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- Give students a rubric for the content that will be put into the portfolio, so they know what’s expected. A rubric also gives students feedback on what to change if their work does not meet the quality level required to be added to the portfolio.
- Coordinate choosing a system with your technology coordinator. There may already be a system in place in your department or institution, or there may be very specific requirements for the kind of system they’ll support.
- If you choose a commercial system, determine whether the university, school, department, or students will be paying for it. Talk to other professors and see if their courses have a need for the portfolio, too, so that the students can get more out of their investment. Let students know if they will need to pay for the system at the beginning of the semester, when they’re allotting funds for textbooks and other school materials.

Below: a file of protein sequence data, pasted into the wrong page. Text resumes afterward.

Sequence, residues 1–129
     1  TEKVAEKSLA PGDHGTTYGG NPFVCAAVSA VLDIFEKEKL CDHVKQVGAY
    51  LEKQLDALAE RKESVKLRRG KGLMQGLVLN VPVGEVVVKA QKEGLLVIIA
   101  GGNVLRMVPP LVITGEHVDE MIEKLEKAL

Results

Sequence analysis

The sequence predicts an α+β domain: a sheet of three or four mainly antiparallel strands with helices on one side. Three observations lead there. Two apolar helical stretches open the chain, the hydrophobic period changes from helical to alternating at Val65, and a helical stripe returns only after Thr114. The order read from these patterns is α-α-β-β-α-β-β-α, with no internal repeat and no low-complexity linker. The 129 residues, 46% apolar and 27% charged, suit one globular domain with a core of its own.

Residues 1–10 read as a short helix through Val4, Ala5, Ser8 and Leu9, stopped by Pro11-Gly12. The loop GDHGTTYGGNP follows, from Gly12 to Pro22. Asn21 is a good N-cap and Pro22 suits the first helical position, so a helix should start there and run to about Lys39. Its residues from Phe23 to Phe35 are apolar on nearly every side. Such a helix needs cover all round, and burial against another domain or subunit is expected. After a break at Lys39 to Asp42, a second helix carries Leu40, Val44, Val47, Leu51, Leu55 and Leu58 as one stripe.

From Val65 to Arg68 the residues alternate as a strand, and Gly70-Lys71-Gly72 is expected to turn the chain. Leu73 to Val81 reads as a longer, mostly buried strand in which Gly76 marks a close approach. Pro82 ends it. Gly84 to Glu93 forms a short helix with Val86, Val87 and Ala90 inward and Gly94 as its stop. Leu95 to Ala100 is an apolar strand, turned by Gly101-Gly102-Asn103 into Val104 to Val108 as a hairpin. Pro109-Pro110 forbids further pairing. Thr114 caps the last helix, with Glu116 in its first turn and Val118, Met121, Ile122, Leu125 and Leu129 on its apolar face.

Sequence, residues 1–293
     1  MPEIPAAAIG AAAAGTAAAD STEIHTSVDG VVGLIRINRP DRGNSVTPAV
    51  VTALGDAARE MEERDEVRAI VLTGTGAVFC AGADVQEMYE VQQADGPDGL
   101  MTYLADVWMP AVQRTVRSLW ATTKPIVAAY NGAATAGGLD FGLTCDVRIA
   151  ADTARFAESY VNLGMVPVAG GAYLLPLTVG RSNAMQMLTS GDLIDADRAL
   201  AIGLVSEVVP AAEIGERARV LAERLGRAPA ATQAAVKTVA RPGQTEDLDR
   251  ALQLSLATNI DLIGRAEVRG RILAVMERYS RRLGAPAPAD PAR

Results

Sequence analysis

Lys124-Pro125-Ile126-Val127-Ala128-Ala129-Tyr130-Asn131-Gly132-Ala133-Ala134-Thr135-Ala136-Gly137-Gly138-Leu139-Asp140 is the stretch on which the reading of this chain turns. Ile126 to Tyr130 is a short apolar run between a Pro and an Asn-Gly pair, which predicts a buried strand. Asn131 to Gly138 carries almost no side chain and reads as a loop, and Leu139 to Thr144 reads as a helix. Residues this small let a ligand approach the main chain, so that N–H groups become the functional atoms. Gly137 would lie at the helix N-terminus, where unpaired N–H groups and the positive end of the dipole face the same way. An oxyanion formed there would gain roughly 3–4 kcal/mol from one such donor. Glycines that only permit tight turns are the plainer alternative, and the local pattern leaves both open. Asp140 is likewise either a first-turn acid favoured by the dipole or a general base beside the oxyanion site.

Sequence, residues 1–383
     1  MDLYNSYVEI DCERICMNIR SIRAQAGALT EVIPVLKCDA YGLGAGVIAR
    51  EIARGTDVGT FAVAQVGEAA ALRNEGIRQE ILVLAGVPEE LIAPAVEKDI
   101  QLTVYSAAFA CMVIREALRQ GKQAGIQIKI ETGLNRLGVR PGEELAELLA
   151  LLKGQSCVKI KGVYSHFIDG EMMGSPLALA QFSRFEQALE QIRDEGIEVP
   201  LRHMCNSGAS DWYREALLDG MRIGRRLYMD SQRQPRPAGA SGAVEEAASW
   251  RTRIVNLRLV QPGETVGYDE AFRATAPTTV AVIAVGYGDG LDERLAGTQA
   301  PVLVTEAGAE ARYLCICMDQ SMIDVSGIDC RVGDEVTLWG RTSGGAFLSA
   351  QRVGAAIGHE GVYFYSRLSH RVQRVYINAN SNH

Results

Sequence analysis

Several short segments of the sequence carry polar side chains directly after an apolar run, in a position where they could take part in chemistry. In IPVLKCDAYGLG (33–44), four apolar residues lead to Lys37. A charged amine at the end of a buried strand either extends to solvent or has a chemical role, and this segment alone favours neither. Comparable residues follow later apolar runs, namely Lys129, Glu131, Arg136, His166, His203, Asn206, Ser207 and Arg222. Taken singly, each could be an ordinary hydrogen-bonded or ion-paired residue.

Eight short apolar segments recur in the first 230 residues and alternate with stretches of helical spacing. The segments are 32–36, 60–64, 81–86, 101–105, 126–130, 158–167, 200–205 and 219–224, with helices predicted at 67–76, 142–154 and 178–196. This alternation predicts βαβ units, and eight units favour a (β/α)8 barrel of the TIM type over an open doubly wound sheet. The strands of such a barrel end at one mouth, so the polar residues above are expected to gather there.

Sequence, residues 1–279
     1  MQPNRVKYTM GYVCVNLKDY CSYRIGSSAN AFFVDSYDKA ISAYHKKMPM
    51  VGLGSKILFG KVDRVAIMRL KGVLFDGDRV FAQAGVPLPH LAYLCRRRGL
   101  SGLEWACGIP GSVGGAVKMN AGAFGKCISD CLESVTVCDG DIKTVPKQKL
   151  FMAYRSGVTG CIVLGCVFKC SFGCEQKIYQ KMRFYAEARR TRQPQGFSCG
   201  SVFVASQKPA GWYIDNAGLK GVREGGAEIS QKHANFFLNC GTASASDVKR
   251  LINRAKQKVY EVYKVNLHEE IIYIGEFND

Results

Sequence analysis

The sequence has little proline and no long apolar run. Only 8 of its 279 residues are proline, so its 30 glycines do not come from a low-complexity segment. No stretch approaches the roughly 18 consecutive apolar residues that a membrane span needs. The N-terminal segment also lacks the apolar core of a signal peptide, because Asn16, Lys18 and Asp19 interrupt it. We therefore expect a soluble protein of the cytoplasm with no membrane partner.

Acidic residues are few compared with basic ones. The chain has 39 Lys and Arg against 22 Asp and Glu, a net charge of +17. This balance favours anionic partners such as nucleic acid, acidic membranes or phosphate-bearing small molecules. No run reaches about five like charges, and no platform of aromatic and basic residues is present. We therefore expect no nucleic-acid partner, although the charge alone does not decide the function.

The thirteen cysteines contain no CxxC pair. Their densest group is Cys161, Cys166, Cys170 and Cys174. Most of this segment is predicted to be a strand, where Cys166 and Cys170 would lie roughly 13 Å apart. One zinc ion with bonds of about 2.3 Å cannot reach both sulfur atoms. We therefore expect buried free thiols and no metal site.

- Open the portfolio system on-time, allowing students plenty of time to get their assignment(s) in. If students will be creating their own, give them plenty of time to create the web pages.
- Demonstrate the process of submitting the assignment to an existing portfolio. If students will be creating their own, be sure they have clear instruction on basic web design.
- If possible, reserve a computer lab and have the students submit the project with you present so you can solve problems as they come up.
- Choose a system that’s easy to use. No matter how easy you find it to be, it will be difficult for some students to navigate.